Q1: The convention would be to call G V, and call V nothing (put it in square brackets)

Perfect, thank you.

view this post on Zulip Reid Barton (May 24 2019 at 15:10):

And P would probably go last

view this post on Zulip Johan Commelin (May 24 2019 at 15:15):

Unfortunately we only have mul_action... so you can't use that class (in a clean way).

view this post on Zulip Johan Commelin (May 24 2019 at 15:18):

It would probably make sense to setup a general theory of torsors... and then define an affine space to be a torsor of a vector space.

view this post on Zulip Johan Commelin (May 24 2019 at 15:20):

You would be able to reuse the general setup for things like quantities (mass, length, &c are torsors under units real). I'm far from being a (mathematical) physicist, so I have no idea if that would be useful.

view this post on Zulip Neil Strickland (May 24 2019 at 15:21):

Let's ignore for the moment the fact that you want to use additive notation. Then the natural thing would be to start with the class mul_action G X from src/group_theory/group_action.lean, and extend it to give a class principal_action involving a "division" map X → X → G such that (y / x) • x = y. You might need some other axioms, or they might follow automatically, especially in the case where G is a group. Then you could specialise to the case where G is the additive group of a vector space.

It's also possible to leave G out of the picture and axiomatize everything in terms of the subset of parallelograms in X ^ 4; then you recover G as a quotient of X ^ 2.

Ideally we should have a class for additive actions that is magically connected to the class for multiplicative actions, so we don't have to prove essentially the same results twice. We have similar things in some closely related contexts, but not this one. But it would not be hard for you to define add_action by hand, just following the example of mul_action.

view this post on Zulip Johan Commelin (May 24 2019 at 15:22):

The reason I did not define add_action is notation...

view this post on Zulip Johan Commelin (May 24 2019 at 15:22):

We can't reuse + for these, even though that would be very natural.

view this post on Zulip Kevin Sullivan (May 24 2019 at 15:29):

I'm listening. I've incorporated comments down through Reid Barton's to arrive at the following. But I'm open to reworking it entirely in light of the subsequent comments. Feedback sought on both the current formulation, as well as on the subsequent comments. My overall aim is to develop a formalization in terms of which to express mathematical physics, starting with the classical (Newtonian) case.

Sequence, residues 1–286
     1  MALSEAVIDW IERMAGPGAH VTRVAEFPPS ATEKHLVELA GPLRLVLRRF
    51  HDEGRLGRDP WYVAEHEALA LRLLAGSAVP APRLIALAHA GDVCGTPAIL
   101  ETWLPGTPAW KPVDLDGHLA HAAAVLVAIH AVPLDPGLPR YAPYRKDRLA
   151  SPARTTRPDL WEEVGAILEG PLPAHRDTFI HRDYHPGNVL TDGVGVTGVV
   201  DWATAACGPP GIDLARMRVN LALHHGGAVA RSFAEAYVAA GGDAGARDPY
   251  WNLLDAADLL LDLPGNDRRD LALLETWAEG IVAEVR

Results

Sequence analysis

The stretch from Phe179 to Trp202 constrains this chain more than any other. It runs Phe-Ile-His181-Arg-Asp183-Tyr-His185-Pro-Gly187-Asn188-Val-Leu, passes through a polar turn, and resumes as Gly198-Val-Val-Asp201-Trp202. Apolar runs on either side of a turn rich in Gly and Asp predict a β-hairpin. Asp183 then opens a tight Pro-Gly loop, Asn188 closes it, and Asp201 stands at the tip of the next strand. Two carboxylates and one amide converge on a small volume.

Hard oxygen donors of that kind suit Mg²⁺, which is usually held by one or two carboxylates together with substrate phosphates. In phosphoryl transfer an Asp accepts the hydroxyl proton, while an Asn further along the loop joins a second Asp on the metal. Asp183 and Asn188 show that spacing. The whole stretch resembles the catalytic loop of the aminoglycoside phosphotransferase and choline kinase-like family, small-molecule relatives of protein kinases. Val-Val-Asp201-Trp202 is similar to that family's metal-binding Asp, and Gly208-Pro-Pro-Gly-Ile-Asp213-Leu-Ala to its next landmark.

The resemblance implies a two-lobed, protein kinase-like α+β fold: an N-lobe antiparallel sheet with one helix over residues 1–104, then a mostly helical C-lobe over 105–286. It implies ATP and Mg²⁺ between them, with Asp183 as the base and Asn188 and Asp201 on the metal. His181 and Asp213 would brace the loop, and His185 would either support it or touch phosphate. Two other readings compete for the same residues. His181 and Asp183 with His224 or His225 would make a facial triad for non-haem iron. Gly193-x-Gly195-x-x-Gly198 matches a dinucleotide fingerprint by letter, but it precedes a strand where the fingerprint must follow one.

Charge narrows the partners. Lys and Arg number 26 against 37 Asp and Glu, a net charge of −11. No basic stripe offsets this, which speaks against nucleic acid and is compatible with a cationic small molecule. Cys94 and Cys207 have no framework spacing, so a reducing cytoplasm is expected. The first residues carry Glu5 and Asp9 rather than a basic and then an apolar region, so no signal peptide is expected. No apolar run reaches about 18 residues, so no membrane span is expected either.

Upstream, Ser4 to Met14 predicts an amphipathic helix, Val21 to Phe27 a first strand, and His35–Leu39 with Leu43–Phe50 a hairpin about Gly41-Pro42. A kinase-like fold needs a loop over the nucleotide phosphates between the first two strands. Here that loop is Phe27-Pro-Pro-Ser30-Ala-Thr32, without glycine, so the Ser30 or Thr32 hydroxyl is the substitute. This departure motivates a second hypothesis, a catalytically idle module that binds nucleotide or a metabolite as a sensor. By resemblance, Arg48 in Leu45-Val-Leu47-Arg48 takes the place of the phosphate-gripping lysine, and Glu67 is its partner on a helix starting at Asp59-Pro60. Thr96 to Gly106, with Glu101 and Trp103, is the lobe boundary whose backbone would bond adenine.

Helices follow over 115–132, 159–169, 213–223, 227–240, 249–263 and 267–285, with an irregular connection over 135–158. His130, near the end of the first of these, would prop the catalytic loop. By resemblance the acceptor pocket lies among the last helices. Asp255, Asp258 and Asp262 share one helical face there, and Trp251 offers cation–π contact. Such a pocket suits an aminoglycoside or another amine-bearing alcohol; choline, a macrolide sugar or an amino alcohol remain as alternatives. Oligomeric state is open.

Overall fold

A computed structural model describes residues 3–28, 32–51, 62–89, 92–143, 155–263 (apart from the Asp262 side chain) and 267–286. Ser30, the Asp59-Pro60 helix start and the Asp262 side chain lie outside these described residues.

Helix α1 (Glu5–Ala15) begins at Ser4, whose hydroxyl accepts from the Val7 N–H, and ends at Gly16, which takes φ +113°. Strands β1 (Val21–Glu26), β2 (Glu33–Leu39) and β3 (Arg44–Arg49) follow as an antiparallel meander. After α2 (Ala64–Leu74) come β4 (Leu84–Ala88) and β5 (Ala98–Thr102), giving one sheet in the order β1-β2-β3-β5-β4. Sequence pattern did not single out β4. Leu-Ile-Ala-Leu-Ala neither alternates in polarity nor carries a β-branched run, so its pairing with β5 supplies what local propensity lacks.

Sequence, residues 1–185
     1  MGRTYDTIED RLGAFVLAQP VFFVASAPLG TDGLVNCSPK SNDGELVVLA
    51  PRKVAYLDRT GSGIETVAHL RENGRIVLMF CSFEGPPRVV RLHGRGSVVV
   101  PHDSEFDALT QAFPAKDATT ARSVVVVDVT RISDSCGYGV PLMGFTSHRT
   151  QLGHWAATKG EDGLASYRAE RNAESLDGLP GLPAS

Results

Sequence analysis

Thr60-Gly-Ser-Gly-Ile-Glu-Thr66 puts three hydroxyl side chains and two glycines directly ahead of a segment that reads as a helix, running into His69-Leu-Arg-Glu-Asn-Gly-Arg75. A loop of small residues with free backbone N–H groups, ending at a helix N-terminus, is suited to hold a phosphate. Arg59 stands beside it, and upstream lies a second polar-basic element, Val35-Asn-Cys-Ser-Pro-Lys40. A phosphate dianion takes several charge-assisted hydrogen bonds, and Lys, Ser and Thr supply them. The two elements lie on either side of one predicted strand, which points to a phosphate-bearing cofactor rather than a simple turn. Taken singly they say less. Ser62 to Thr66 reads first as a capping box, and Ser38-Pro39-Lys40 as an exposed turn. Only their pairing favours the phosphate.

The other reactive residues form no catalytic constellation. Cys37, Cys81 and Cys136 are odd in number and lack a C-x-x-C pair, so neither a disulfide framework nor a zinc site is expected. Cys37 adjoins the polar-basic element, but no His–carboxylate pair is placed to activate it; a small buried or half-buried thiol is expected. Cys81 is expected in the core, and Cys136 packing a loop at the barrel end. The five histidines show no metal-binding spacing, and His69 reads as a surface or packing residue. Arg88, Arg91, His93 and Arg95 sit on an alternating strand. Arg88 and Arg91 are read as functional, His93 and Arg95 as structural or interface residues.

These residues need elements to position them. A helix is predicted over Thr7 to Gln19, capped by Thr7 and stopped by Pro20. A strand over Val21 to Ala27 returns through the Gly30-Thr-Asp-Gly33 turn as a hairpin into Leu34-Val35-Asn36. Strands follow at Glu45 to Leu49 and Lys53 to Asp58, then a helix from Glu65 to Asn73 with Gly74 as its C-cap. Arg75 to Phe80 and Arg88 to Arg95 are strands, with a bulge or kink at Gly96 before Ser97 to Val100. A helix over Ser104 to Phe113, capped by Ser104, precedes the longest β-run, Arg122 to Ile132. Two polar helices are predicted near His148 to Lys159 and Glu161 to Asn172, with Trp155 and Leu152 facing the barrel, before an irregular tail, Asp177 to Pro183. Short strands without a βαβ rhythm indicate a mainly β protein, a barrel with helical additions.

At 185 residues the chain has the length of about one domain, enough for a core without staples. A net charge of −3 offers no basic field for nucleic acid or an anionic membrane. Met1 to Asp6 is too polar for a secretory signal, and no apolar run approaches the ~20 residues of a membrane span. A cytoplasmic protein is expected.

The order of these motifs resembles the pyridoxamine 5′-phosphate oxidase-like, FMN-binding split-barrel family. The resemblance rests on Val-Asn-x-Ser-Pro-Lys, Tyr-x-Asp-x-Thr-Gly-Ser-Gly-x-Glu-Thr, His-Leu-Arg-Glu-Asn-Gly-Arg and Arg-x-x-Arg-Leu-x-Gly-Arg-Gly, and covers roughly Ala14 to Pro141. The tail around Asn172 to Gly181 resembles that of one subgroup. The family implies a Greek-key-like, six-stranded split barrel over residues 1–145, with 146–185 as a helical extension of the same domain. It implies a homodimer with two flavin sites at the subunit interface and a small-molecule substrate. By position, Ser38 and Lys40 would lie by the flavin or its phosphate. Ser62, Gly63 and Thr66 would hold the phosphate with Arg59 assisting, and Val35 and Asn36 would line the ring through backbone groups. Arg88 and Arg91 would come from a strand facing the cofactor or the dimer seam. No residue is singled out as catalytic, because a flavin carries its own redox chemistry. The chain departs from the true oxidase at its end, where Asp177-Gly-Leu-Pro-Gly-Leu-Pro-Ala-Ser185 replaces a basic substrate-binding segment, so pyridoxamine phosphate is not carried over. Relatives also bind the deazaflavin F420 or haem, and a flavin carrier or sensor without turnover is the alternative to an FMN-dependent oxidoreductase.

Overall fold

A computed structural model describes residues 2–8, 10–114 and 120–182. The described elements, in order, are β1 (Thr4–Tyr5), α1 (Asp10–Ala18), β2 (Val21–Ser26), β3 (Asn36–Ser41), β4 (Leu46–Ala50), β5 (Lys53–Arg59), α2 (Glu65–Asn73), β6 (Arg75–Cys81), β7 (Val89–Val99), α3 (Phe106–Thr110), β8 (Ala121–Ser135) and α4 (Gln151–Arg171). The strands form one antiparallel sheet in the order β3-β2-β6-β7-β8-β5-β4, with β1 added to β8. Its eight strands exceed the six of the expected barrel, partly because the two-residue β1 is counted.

class affine_space
    (K: Type) [discrete_field K]
    (V : Type) [add_comm_group V] [vector_space K V] :=
    (P : Type)
(add : P → V → P)
(right_zero : ∀ (p : P), add p 0 = p)
(add_assoc : ∀ (p : P), ∀ (a b : V), add (add p a) b = add p (a + b))
(unique : ∀ (p q : P), ∃ (a : V),
            (q = add p a) ∧
            (∀ (a b : V), (q = add p a) → (q = add p b) → a = b))

view this post on Zulip Mario Carneiro (May 24 2019 at 15:32):

unique has a name clash in the variables

view this post on Zulip Mario Carneiro (May 24 2019 at 15:33):

also don't use /\ in an axiom if you can avoid it - use two axioms

view this post on Zulip Reid Barton (May 24 2019 at 15:33):

You probably want to replace unique anyways with a second operation sub : P -> P -> V and whatever axioms are necessary to characterize it uniquely

view this post on Zulip Mario Carneiro (May 24 2019 at 15:33):

^ that

view this post on Zulip Reid Barton (May 24 2019 at 15:37):

∀ (p : P), ∀ (a b : V), can be simply ∀ (p : P) (a b : V),

view this post on Zulip Reid Barton (May 24 2019 at 15:37):

but now this is getting into just style things

view this post on Zulip Kevin Sullivan (May 24 2019 at 15:45):

but now this is getting into just style things

So here's where I've gotten to.

class affine_space
    (K: Type) [discrete_field K]
    (V : Type) [add_comm_group V] [vector_space K V] :=
    (P : Type)
(add : P → V → P)
(right_zero : ∀ (p : P), add p 0 = p)
(add_assoc : ∀ (p : P) (a b : V), add (add p a) b = add p (a + b))
(sub : P → P → V)
(sub_exists : ∀ (p q : P), ∃ (a : V),  a = sub q p)
(sub_unique : (∀ (p q : P) (a b : V), (q = add p a) → (q = add p b) → a = b))

I can work the details of the axioms from here. I guess the remaining pending question is whether this is a good start on an affine space library or whether to revert to a more general theory of torsors with the affine space case as a special case. Or to go with the suggestion by Neil Strickland. The torsor direction is intriguing as our aim is to formalize aspects of physics and metrology, and, indeed, things like time, location, and voltage are torsors. I don't have a strong intuition for how hard it'd be to go in this direction given what's already in the libraries, nor what tradeoffs would be involved in eventually using such a formalization as a target for a physical denotational semantics of programming code (which is where we're headed with this work). Comments/thoughts welcome.

view this post on Zulip Kevin Sullivan (May 24 2019 at 17:21):

It would probably make sense to setup a general theory of torsors... and then define an affine space to be a torsor of a vector space.

Is something like this what you had in mind?

class torsor
    (G : Type) [add_group G]
    (X : Type) [inhabited X] :=
(add : G → X → X)
(left_zero : ∀ (x : X), add 0 x = x)
(add_assoc : ∀ (g1 g2 : G) (x : X), add (g1 + g2) x = add g1 (add g2 x))
(sub : ∀ (x1 x2 : X), ∃ d, x2 = add d x1)
(sub_unique : ∀ (g1 g2 : G) (x1 x2 : X), x2 = add g1 x1 → x2 = add g2 x1 → g1 = g2)

class affine_space
        (K: Type)  [discrete_field K]
        (V : Type) [add_comm_group V] [vector_space K V]
        (P : Type) [inhabited P]
    extends torsor V P

view this post on Zulip Mario Carneiro (May 24 2019 at 17:24):

sub still isn't a function... are you expecting to be able to define the function after the fact?

view this post on Zulip Mario Carneiro (May 24 2019 at 17:24):